i'm planning to buy an Raspberry Pi 4 Model B. Short time after release of the Pi 4 many people have complained about heat problems (not only at 100% CPU usage, but in idle). My question is now, did the firmware updates from the past fix these heat problems especially the ones which happened in idle?

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    When I bought a Raspberry Pi 4 Model B, I also ordered a Pimoroni Fan Shim. Ambient in the room is around 18 C and it idles and runs light tasks at about 35 C. Tor proxy, Deluge, Samba. If I load it up it will go up to around 55 C. If the fan is shut down, it idles around 55 and can go to 75 - 80 on load. The Fan Shim cost 9.60 UK pounds. I have all firmware updates. Nov 21, 2019 at 17:41

3 Answers 3


As of this moment the temperature of my Pi, which is up to date, is idle by 58°C and under constant load of 50% CPU utilization by 70°C. I use little heat sinks on the CPU and the voltage regulator.


I'm using it with Raspbian Buster with Desktop and few scripts are running on startup. I2C and SPI both are running continuously and a graphical python script too. Then its temperature goes to ~60 degrees when room temperature is 27-28 degrees.


Don't expect there to be a firmware fix for the RPi 4 heat dissipation. That's the way the chip is built: if you want more performance, you need more current and there will be more heat. All single-board computers similar to RPi 4 in terms of performace (Orange Pi PC, Odroid, etc.) need heat sinks or cooler fans, and will go into thermal throttling without cooling.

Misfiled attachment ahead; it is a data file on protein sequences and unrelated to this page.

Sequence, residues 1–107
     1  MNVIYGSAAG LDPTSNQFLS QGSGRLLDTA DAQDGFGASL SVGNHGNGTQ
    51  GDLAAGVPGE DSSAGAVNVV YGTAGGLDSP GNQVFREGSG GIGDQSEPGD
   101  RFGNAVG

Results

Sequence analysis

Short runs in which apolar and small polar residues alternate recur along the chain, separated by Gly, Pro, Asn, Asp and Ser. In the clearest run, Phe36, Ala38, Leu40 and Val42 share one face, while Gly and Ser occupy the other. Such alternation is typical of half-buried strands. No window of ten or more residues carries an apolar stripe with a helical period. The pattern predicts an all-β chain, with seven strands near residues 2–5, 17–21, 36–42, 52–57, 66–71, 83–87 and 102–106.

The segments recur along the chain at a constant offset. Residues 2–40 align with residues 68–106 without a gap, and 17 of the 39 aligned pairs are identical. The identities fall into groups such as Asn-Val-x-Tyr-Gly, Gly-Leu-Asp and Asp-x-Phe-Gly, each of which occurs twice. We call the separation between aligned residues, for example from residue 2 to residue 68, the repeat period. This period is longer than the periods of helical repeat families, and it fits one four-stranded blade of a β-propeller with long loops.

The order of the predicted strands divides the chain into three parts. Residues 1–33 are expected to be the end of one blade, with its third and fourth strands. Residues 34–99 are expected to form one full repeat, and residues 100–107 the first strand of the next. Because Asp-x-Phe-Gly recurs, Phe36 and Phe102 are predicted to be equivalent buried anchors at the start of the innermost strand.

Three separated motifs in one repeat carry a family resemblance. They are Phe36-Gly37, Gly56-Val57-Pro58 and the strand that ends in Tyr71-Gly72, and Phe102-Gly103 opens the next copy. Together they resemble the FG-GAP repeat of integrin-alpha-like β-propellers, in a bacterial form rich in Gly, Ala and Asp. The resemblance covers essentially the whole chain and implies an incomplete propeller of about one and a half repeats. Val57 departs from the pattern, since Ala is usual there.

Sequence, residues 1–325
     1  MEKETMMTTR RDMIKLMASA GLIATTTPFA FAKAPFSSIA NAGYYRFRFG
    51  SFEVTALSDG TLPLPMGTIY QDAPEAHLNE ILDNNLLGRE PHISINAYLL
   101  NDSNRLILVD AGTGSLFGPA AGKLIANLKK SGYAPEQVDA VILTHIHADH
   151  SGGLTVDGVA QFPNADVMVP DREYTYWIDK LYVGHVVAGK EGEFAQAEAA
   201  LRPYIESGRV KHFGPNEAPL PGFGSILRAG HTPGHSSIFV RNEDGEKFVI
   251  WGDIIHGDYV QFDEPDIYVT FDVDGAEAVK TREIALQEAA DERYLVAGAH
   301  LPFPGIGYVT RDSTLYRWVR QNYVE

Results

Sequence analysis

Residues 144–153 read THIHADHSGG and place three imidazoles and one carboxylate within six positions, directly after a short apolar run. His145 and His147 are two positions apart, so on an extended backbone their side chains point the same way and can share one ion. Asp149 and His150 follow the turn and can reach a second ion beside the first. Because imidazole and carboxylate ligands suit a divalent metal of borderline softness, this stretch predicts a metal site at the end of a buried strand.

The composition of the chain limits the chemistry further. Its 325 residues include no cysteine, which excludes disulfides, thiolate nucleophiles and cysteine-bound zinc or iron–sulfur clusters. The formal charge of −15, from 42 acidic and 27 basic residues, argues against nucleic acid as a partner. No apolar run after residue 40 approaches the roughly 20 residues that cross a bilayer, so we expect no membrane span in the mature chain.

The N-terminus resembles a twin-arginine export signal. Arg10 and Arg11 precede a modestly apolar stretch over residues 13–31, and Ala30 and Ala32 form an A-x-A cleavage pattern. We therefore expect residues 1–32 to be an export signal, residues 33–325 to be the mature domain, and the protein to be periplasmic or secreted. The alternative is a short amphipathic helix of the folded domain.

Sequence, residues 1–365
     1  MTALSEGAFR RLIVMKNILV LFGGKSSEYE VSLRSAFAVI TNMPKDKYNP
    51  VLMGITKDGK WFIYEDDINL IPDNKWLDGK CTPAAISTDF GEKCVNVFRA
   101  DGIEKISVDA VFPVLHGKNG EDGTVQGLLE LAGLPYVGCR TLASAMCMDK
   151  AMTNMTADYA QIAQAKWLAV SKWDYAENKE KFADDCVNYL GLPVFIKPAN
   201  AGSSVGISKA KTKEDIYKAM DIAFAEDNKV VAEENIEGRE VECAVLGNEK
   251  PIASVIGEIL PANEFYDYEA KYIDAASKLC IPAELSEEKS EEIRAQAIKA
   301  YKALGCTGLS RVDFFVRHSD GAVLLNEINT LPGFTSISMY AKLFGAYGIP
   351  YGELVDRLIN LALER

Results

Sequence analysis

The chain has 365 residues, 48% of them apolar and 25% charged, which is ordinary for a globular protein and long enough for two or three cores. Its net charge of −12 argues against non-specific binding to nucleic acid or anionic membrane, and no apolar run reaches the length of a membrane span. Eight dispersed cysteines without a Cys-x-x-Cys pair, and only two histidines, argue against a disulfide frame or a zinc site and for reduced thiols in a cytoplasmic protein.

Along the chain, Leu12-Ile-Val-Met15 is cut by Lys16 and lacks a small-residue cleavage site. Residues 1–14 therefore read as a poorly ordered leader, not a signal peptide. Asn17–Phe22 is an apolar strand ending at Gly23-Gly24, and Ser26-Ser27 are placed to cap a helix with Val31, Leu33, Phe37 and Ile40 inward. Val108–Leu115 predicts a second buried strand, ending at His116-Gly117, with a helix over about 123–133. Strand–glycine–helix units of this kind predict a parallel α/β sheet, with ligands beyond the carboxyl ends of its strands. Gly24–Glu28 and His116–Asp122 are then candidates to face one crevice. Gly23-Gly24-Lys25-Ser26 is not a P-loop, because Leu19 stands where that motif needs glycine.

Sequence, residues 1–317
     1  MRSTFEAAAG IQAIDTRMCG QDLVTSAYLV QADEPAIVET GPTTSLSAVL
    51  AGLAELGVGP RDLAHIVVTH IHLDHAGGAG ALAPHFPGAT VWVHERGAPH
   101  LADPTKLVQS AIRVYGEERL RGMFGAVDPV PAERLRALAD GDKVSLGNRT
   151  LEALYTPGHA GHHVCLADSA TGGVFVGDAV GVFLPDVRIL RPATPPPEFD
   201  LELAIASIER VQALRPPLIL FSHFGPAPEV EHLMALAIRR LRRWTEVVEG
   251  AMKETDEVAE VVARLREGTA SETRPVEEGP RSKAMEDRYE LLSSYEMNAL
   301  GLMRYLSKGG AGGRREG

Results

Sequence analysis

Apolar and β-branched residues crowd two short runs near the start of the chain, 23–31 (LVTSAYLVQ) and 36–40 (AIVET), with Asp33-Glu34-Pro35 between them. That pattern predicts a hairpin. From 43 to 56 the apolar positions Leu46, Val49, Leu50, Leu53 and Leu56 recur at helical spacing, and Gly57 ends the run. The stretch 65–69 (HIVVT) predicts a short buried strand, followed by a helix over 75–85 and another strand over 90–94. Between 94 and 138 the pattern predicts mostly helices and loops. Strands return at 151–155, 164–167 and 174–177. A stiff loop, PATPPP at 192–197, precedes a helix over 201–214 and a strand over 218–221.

Practically, RPi 4 is only usable without additional cooling if it sits idle most of the time. Even then, a passive heat sink on the SoC is recommended: the SoC will be substantially cooler and will be able to perform typical tasks like an upgrade without slowing down to a crawl. However, if you plan to load more than 1 CPU core for long periods of time, you will have to install active cooling, i.e. a heat sink and a fan.

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    I agree with most of what you've said here, but unless I miss a subtle point The Organization did announce a firmware fix for the USB3 host adapter that "should save about 300mW". On my system at least, it was apparently applied as part of a routine upgrade; verified by sudo rpi-eeprom-update. Has it made any difference? I don't know when it was applied, but my temp logs began on Dec 30 (a few days after it went "online") & they show no notable diffs.
    – Seamus
    May 3, 2020 at 18:10
  • @Seamus Thanks for the comment, 300mW looks great. Still, it's only about 5% of the total power budget so it won't change the fact that Pi 4 needs cooling. May 3, 2020 at 20:39

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